Working in an office environment for a number of years it has always concerned me to leave a female colleague all alone in an office, or when I would arrive before or after hours with lone co-workers with the door unlocked. The Internet is littered with stories of sexual assaults and rape in such office settings, so it’s important to not become too comfortable in your office setting.
 

One of the most high-profile rape cases in New York City back in mid-’80s involved a serial rapist dubbed the Midtown Rapist. He used the constant flow of anonymity of large crowds to blend into the office settings to commit his crimes. His spree of rapes occurred for several weeks in stairwells, elevators and offices in some of Manhattan’s fanciest office towers. His victims included a lawyer in her Park Avenue office building, a bookkeeper running an errand in a low-trafficked stairwell and a secretary carrying documents to another floor several stories up.
 

Many serial rapists are former burglars and they all look to commit their crimes in comfort zones that make them feel safe enough to carry out their attack without detection. Many will map out their attack well in advance, watching and assessing the patterns of their potential victims and looking to see if doors are left unlocked and if keys are used. Office buildings offer up all of these comfort zones and these serial assailants search for that brief moment of vulnerability when you are by yourself, tired and distracted. We should never ever let our guard down.
 

To avoid becoming victim of crime in your office, let me suggest following these simple steps:
 

• Always secure your front entrances and avoid working all alone early or after hours.
 

• Make sure your employer controls access of strangers, layering the physical security in the office settings. The more layers of security and detection devices you have, the less likely you will become a victim.
 

• Vet your vendors and repairmen and limit their access throughout the office.
 

• Avoid secluded areas and ask a co-worker to escort you to your car after-hours; avoid leaving by yourself.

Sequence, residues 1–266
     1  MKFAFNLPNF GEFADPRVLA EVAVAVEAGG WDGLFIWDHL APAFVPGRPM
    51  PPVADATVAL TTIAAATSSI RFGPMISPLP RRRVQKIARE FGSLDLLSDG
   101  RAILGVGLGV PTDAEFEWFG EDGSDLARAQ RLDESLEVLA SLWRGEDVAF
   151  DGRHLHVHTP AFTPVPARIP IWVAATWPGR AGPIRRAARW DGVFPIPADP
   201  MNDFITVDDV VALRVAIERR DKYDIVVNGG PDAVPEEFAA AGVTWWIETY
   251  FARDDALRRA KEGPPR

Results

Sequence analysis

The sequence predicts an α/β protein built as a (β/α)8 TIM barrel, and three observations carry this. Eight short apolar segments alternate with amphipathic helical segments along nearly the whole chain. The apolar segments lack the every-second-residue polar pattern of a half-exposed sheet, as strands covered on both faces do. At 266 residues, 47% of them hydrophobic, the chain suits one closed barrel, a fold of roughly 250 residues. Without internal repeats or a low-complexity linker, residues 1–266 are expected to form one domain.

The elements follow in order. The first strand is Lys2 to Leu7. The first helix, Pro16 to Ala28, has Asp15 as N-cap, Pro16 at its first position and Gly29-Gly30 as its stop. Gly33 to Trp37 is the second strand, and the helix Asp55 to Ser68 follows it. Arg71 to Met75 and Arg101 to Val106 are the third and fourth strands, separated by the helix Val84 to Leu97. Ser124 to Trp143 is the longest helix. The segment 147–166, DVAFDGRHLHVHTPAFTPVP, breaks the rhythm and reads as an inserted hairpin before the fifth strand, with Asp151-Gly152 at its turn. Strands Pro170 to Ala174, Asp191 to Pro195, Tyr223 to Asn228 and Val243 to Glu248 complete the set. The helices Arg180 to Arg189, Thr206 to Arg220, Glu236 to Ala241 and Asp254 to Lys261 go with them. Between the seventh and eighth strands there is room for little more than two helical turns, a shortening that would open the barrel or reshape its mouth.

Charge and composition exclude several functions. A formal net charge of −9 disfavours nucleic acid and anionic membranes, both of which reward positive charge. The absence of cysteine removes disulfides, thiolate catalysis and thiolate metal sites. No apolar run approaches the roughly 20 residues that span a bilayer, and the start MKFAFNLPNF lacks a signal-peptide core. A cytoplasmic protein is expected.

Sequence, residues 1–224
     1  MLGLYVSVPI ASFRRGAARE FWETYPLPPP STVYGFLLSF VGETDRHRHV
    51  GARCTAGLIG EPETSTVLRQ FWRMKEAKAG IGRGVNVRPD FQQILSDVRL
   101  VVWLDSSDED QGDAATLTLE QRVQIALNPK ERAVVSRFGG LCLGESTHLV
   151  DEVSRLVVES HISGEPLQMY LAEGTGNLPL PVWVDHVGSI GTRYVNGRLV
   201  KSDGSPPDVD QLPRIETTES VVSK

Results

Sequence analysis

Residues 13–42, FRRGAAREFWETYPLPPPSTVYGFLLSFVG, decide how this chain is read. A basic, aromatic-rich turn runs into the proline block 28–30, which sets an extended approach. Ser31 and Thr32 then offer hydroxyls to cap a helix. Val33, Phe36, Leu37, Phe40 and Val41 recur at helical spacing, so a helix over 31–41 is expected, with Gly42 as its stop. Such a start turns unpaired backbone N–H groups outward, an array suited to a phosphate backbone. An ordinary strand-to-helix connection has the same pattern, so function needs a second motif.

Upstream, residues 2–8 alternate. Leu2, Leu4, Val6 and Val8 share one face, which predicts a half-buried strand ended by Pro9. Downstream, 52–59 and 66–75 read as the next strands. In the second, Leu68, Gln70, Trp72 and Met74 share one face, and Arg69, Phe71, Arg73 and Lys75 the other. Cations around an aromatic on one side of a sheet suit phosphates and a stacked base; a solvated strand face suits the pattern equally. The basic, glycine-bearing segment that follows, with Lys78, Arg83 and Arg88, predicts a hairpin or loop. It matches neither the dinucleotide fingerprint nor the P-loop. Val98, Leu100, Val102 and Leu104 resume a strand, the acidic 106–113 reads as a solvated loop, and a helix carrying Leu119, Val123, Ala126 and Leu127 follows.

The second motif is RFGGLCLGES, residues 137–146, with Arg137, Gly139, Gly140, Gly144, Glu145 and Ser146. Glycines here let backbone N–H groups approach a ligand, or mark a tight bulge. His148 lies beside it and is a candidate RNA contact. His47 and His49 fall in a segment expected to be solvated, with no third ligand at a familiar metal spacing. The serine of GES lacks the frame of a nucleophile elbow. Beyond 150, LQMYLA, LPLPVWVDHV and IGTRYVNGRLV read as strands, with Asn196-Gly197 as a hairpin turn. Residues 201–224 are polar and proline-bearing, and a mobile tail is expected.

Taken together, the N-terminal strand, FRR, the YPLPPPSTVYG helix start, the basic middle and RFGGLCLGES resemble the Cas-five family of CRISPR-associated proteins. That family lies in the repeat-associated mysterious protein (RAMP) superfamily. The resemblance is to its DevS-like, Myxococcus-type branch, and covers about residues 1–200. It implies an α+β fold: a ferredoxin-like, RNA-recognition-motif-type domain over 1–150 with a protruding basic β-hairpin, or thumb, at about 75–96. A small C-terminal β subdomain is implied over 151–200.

• Change your patterns of travel and times or arrival and departure as you come and go from your office.
 

• Remain alert and undistracted as you are walking in and out of your office; make note of any person who doesn’t appear to belong or may be watching your patterns.
 

• Prior to entering a secluded area scan the area for potential attackers; and turn and head the other way if you are uncertain. It’s always better to be safe than sorry.
 

• Keep your cell phone handy and be prepared to call 911.
 

• Consider carrying a defensive weapon, but make sure that you become familiar and properly trained with whatever weapon you choose.
 

Since our incident several weeks ago, we have taken a very serious look at our office security and have taken the necessary steps to better secure our employees and our office. We serve as proof that such acts of criminal activity can occur just about anywhere, including an insurance agency office.

Insurance is there to protect you, but there isn’t any form of insurance that can indemnify you from a sexual assault. Remember, only the alert and safest survive; you must make every effort to avoid becoming a victim. Arm yourself with the knowledge and the habits to protect yourself.
 

Keven Moore is director of Risk Management Services for Roeding Insurance (www.roedinginsurance.com). He has a bachelor’s degree from University of Kentucky, a master’s from Eastern Kentucky University and 25-plus years of experience in the safety and insurance profession. He lives in Lexington with his family and works out of both the Lexington and Northern Kentucky offices. Keven can be reached at kmoore@roeding.com.
 

Click here to read more columns from Keven Moore.